Since the advent of the women’s movement in the 1970s, women have made great strides in achieving equality in the workplace.
Today, women in manufacturing have the same opportunities as men—whether it’s operating a complex machine, designing a product, or managing the operations of an entire company.
Yet between 2010 and 2011, according to a study by the National Women’s Law Center, men gained 230,000 jobs in manufacturing while women lost 25,000 jobs.
Today, only about 30 percent of Americans who work in manufacturing are women, and 15 percent of students enrolled in manufacturing degree programs are women.
Women can make a critical difference in an industry in dire need of qualified skilled workers -- and they have the same opportunities as men to succeed and excel in the new world of manufacturing.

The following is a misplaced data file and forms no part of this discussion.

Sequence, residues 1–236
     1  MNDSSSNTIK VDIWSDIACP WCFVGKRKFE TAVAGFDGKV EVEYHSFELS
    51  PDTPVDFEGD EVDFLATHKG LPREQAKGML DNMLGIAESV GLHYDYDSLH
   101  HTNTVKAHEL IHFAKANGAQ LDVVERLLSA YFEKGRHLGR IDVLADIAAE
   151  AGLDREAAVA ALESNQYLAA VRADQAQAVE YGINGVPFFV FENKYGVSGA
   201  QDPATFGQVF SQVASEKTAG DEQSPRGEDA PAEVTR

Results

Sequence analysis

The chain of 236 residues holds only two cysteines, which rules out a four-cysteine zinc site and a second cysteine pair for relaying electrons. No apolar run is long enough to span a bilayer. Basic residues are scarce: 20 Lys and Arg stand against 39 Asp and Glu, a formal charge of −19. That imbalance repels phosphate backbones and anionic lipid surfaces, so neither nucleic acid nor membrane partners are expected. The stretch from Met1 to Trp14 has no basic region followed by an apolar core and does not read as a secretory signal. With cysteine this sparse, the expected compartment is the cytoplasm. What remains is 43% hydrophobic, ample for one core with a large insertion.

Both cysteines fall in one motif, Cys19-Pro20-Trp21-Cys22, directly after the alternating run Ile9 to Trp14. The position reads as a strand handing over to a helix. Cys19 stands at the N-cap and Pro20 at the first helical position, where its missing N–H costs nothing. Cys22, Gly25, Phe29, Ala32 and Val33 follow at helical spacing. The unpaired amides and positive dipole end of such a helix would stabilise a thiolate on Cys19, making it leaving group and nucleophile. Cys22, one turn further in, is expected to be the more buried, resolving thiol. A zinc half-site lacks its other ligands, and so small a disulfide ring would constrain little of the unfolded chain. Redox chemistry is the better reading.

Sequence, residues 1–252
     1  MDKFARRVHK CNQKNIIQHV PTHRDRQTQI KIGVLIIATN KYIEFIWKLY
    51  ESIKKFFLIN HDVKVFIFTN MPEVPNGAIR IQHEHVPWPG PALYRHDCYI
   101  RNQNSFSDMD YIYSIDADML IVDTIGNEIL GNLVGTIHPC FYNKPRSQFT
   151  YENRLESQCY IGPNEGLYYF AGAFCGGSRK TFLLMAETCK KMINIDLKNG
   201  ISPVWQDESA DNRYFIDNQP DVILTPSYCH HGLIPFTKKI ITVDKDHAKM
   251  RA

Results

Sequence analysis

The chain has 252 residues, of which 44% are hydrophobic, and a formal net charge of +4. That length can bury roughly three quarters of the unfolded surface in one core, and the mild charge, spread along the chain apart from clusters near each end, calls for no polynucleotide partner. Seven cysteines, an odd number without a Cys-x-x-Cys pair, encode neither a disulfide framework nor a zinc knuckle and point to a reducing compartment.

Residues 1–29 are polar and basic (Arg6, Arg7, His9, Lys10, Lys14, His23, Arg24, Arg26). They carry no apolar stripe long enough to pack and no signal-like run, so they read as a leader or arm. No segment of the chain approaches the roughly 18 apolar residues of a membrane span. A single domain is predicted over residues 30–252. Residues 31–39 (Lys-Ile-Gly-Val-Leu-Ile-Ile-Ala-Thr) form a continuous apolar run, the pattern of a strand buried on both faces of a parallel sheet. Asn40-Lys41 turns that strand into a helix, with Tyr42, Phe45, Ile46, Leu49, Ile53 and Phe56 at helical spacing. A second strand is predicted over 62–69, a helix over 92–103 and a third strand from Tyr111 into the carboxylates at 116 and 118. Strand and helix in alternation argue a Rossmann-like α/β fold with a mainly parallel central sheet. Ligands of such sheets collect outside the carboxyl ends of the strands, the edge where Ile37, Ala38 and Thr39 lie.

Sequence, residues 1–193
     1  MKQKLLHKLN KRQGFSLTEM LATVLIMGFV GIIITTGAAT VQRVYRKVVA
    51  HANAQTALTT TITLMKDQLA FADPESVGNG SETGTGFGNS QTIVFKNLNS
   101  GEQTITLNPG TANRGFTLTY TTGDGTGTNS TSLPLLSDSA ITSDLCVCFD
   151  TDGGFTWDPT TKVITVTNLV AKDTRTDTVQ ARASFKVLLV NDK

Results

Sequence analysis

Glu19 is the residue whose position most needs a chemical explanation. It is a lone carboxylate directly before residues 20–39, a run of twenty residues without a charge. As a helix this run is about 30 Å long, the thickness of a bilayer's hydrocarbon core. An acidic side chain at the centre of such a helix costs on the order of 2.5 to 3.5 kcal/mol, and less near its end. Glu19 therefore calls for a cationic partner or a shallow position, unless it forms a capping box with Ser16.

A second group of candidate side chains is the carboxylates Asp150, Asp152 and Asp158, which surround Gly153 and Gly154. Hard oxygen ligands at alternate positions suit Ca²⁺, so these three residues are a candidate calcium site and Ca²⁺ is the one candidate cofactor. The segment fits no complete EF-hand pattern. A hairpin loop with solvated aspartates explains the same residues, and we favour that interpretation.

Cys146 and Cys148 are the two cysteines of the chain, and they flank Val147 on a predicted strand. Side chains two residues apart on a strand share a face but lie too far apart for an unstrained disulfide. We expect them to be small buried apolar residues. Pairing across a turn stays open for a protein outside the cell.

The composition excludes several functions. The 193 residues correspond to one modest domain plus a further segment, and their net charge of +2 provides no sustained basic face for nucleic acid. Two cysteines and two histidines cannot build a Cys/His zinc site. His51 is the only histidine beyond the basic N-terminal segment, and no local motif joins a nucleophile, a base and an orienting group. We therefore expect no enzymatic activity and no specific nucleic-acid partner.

- Women in Manufacturing: Mechanical Engineer
A'arika Hawkins, a mechanical engineer with UTC Aerospace Systems, talks about her personal career pathway.
Women in Manufacturing: Operations Manager
Shelley Fasano, an operations manager with Dymotek Corporation, talks about her personal career pathway.
Women in Manufacturing: Quality Manager
Laurie Catalano, a competence center quality manager with Eppendorf, talks about her personal career pathway.
Women in Manufacturing: Research Engineer
Myrna Reyes, a a research and development engineer with TRUMPF, talks about her personal career pathway.
Women in Manufacturing: Test Technician
Shelby Baker, a test technician with Whelen Engineering, shares her personal career pathway.
Women in Manufacturing: Welder
Jessica Templeton, a welder with CAMM Metals, talks about her personal career pathway.